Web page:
If you’re interested in buying a family car, you’re probably considering whether or not to spend a little extra and opt for a rear seat entertainment system. After all, they can keep children entertained on car trips — whether you’re going across town or across the country. But are they worth the expense? We took a closer look at what they cost and whether you should buy one.
Factory or Aftermarket?
If you’re interested in getting a rear seat DVD or Blu-ray player for a new vehicle, you’ll discover that there are usually two options: buying a car equipped with the feature from the factory or buying a car without the feature and getting it installed later, usually from an aftermarket company or a local shop that specializes in automotive entertainment.
Interestingly, these two solutions usually cost about the same. Yes, the factory option tends to be a little more expensive, but it also works seamlessly with the vehicle, is covered by the manufacturer’s warranty, and doesn’t require you to be without your car while it’s being installed. Figure somewhere between $1,000 and $2,000 extra for a factory unit — depending on the vehicle and the complexity of the system — and just slightly less for an aftermarket solution.
Before you commit to buying an aftermarket rear seat entertainment system — or adding an optional system to your car — it’s worth considering other options. For instance, several retailers now offer fasteners that can carry an iPad or another tablet on the back of your front seat, providing a screen for rear passengers. Better yet, since the screen isn’t fixed like a rear seat DVD or Blu-ray player, rear passengers can bring this tablet on the go, giving it multiple uses.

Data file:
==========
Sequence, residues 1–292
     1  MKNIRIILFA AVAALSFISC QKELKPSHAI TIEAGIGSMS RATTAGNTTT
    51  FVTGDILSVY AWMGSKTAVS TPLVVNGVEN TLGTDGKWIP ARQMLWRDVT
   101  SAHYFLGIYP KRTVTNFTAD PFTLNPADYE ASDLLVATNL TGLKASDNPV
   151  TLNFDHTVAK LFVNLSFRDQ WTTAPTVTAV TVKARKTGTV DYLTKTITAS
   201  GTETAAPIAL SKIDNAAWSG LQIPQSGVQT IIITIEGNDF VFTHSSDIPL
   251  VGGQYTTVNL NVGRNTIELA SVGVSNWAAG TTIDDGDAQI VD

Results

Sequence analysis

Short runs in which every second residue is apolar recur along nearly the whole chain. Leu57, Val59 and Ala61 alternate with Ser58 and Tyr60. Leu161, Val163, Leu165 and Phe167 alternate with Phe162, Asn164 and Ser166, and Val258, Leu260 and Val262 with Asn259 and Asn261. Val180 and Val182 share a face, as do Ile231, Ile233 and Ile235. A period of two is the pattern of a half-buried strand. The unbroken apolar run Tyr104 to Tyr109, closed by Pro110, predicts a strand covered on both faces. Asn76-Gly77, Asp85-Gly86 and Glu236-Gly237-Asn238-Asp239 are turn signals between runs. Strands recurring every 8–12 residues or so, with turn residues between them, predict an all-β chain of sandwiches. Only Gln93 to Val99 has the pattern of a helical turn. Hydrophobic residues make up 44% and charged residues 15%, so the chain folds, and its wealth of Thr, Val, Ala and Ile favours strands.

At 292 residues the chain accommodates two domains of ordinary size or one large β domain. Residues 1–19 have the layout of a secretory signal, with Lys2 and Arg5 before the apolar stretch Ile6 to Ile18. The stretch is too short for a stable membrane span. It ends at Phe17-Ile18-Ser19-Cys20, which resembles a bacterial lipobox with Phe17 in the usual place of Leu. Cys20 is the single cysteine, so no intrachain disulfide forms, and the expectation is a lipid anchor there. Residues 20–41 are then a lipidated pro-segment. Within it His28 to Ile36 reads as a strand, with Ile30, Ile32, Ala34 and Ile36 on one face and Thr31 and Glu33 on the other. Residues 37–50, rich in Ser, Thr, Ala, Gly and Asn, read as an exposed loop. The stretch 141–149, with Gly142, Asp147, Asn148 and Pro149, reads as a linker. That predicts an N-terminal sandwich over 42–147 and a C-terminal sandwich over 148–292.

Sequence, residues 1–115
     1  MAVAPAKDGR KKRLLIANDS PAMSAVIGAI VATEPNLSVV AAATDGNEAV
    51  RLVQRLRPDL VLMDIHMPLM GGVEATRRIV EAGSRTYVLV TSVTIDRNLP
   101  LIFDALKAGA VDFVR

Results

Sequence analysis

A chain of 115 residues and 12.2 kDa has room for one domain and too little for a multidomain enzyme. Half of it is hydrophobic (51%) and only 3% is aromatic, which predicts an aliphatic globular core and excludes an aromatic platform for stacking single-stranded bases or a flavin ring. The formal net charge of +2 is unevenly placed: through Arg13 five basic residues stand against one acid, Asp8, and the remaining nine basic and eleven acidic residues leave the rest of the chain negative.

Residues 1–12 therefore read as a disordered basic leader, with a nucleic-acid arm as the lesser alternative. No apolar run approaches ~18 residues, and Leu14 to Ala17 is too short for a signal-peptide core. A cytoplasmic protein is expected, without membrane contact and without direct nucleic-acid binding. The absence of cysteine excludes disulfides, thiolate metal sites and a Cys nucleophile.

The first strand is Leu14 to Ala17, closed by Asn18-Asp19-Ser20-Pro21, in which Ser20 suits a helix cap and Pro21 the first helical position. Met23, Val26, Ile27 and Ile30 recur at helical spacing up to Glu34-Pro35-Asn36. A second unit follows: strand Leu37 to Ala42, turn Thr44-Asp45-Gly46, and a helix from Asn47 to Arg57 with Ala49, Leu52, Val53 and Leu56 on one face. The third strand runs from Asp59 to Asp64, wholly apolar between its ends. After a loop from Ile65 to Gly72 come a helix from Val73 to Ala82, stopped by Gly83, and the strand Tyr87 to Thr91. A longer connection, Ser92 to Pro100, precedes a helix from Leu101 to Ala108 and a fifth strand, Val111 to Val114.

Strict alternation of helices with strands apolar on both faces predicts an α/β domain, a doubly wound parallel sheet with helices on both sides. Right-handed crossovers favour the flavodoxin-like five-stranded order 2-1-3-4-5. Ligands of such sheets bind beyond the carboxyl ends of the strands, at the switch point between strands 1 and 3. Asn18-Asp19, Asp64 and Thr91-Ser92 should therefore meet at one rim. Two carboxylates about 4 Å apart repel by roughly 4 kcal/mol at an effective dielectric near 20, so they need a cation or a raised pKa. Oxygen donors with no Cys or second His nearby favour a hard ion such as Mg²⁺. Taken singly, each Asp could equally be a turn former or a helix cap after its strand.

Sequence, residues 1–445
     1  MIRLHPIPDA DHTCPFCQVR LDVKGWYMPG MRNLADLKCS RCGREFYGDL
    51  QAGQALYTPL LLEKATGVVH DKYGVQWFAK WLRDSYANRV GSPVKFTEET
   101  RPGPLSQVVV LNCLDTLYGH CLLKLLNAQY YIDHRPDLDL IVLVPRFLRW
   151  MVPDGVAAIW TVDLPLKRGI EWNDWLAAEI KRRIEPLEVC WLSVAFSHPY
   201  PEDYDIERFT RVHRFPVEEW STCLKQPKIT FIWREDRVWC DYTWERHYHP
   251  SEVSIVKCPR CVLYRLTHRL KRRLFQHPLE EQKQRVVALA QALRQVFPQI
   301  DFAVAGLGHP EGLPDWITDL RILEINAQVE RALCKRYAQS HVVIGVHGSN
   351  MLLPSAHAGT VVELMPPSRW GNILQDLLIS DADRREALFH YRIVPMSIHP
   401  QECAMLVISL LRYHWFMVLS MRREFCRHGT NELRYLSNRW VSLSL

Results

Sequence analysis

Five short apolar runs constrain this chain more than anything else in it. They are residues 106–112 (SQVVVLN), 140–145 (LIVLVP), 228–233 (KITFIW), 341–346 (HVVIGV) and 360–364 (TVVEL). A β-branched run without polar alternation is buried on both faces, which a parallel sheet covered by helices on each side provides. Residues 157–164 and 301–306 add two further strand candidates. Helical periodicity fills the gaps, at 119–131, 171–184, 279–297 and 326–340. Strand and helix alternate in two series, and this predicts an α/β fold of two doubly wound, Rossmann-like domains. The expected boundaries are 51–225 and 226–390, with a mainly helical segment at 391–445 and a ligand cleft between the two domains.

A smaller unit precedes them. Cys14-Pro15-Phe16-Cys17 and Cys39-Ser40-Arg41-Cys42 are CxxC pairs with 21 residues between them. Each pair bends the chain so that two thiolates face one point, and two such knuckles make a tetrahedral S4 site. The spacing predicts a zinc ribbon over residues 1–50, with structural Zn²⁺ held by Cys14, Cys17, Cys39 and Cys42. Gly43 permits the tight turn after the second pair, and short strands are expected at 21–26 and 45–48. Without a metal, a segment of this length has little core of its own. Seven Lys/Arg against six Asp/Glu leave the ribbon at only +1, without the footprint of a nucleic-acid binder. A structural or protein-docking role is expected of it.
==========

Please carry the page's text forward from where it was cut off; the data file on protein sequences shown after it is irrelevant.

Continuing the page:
Here’s another important item to consider: Many cars now offer on-board Wi-Fi hot spots, which can increase the tablet’s usability. Chrysler’s Uconnect system, for instance, offers on-board Wi-Fi for $34.99 per month or for $9.99 per day if you only want to subscribe for a specific long car trip. With that subscription and a tablet computer, rear seat passengers can download movies and games on the go, keeping them occupied a lot longer than a regular old DVD player probably will.
Worth the Expense?
In our mind — and in this world of tablets and useful apps — a rear seat entertainment system doesn’t have the same value it once did. With tablet or iPad holders positioned on the seatbacks of the front seats, rear passengers can have largely the same experience as they would with an actual DVD player. Sure, the screen may not be as big, but the tablet is portable, which means it can be used for other activities outside the car. Add in Wi-Fi to the mix, and your kids may never fight again — for a fraction of the price of a rear seat DVD or Blu-ray player.
With that said, we could see the argument for a rear seat entertainment system — especially if you’re unwilling to buy a tablet for your child’s use. But we’d only opt for it if pricing is very reasonable, as we suspect that you won’t get any money back for a rear DVD or Blu-ray player when the time comes to sell your car.